What Is a Vehicle Service Contract? All You Need to Know
Mechanic man holding clipboard and check the car
Auto Warranty

What Is a Vehicle Service Contract? All You Need to Know

The average cost of a used vehicle in the U.S. in 2016 was $19,189. Most used cars are either no longer under the manufacturer’s warranty or have only a few years left. If you’re purchasing one from a dealership, you’re going to be offered an extended warranty, or vehicle service contract.

This is not just a salesman trying to sell you something you won’t need. Automobile service contracts are investments that can save you a lot of money. That’s especially true for cars that have over 100,000 miles. As the vehicle reaches that halfway point of estimated lifespan, more things break and fail.

For more information, let’s explore what a service contract for a car is, what you should expect, and how to get the best deal.

Vehicle Service Contract Basics

There are a number of ways to get a vehicle service contract, such as from car dealerships, third-party companies, or auto manufacturers.

If you’re considering a service contract, shop around so you understand exactly what you’re buying. Get quotes from multiple companies to find out which one fits your needs and provides the best value.

Don’t Get Pressured into Buying

You’re not required to purchase an extended warranty when you buy a car. It’s unlikely that you’ll be asked to purchase one to qualify for financing (some dealerships do require it, though).

In case the dealership tells you that you need to get an extended warranty for financing, contact the lender to see whether this is true.

A few people experience issues dropping their extended warranty in the wake of discovering that the lender didn’t require one.

Excess Warranty Coverage

Ensure that these extended warranties don’t overlap with the manufacturer’s warranty.

Original warranties usually last for three years or 36,000 miles. Vehicle service contracts should not begin until the original manufacturer’s warranty has expired.

It’s also important not to get locked into a service contract that is well beyond your estimated ownership. Do you see yourself owning the car for 10 years? If you can’t answer that question without wavering, just take the next highest.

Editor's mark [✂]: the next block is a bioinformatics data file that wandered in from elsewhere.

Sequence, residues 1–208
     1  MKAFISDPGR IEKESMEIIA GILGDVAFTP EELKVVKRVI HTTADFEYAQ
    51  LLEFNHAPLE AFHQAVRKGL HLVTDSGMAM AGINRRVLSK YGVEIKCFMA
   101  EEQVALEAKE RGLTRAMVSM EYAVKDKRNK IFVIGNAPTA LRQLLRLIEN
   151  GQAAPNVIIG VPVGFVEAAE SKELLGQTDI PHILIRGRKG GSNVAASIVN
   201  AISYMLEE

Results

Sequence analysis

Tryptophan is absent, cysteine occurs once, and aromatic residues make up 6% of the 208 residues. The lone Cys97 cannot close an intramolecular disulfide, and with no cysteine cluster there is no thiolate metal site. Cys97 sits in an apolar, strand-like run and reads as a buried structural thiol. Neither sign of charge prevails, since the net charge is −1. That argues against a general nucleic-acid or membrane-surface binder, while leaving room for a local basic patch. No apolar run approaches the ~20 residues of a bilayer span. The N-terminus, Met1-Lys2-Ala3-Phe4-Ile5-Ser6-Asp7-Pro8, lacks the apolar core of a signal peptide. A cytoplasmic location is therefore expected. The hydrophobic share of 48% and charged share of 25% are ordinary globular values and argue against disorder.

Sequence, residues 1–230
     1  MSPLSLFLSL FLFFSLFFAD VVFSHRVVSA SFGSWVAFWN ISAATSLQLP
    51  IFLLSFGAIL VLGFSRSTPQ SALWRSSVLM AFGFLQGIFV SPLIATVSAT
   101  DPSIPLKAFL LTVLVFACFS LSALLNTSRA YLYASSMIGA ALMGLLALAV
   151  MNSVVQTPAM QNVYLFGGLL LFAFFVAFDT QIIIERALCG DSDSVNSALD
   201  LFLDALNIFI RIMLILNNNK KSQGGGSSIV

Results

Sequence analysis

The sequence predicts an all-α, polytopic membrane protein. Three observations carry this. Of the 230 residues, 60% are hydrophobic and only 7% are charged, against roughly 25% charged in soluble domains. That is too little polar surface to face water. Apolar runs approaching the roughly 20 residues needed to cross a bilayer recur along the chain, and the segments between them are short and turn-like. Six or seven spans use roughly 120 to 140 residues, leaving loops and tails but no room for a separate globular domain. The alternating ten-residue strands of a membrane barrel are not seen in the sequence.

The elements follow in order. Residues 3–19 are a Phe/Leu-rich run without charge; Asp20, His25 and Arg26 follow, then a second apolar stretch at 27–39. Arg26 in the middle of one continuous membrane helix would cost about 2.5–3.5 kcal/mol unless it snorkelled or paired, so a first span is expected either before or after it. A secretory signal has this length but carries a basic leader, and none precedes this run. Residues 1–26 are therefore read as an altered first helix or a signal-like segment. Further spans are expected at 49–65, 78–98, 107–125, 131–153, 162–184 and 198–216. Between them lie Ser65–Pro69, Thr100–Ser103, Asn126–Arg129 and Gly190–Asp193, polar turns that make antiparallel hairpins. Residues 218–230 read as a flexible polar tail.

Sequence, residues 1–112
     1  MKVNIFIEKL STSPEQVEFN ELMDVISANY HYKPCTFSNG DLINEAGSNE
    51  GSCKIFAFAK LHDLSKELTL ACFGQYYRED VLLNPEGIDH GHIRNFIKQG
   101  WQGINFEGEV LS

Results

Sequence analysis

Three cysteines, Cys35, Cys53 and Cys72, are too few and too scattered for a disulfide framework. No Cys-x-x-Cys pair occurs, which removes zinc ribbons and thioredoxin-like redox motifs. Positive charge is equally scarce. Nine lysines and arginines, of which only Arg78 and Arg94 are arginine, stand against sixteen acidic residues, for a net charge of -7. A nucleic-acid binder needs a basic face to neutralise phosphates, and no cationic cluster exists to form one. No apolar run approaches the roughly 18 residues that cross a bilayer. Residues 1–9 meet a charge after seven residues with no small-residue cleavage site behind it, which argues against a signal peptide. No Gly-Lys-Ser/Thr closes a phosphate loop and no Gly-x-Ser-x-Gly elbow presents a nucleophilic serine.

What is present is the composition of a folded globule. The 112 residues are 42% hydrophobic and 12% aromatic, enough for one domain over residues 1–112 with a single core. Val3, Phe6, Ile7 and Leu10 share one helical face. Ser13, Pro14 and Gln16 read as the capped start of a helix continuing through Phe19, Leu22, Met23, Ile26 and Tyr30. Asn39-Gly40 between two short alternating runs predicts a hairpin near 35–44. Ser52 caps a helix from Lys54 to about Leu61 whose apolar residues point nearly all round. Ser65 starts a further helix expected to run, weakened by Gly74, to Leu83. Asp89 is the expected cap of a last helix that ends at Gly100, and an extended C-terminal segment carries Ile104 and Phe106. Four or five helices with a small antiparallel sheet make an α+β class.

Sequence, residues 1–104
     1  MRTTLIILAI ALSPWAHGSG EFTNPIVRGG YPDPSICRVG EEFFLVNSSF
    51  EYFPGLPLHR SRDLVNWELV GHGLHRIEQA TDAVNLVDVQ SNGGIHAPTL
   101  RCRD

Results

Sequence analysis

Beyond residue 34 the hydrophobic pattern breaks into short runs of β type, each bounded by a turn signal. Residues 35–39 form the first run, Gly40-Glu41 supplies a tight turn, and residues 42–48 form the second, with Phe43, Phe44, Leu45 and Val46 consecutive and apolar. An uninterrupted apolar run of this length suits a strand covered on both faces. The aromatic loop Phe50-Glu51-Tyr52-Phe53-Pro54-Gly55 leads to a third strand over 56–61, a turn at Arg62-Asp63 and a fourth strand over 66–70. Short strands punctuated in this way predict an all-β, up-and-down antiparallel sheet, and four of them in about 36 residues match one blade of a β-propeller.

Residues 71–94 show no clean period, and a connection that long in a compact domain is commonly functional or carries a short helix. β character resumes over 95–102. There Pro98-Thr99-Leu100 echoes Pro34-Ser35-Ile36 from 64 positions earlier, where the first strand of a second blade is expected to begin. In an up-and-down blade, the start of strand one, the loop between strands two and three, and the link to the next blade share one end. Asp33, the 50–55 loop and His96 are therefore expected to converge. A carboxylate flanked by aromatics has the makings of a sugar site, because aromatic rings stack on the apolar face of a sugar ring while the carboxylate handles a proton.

Ask the service contract provider if the contract can be transferred to another owner. Sometimes, there is a transferral fee, so take note of that if and when you sell it.

Demo vehicles that have never been owned – just used by the dealership – don’t need extended warranties. They’re considered new until someone purchases them, whether they’re two months or two years old.

How Much Is a Vehicle Service Contract?

How much you’ll pay for a vehicle service contract is going to depend on a few different factors:

  1. Vehicle make and model
  2. New or used condition
  3. Level of coverage
  4. Length of contract

Ask how much the upfront cost and deductible will be. Some extended warranties don’t include a deductible, but if yours does, verify whether it’s per consultation or when a repair is made. If you happen to need your car serviced, unexpected repairs can add up.

For example, if the deductible is quoted on a per-visit basis, you’d pay one fee. If it is a per-repair basis, you could pay that deductible multiple times over.

The cost for towing and rental car services can also vary. Usually, there’s only a set amount a service contract will cover. The higher level the coverage, the more accommodating these extended warranties will be.

Types of Repairs Covered

The average vehicle service contract will only cover serious repairs. Common repairs and replacements for brake pads, clutches, and starters may not be covered. If you don’t see the part in the contract, it probably won’t be covered.

Repair exclusions may exist for certain scenarios when the owner is found to be negligent. Read the contract carefully to make sure you don’t experience any surprises. Typically, these contracts only cover mechanical issues, not the normal wear and tear of parts.

There is also something called the “depreciation value” of parts that can be considered by service contract providers. This value can be used to calculate whether they will cover the replacement or repair based on your car’s mileage.

Compare and review companies to find out if they include these exceptions in their contracts.

Making a Claim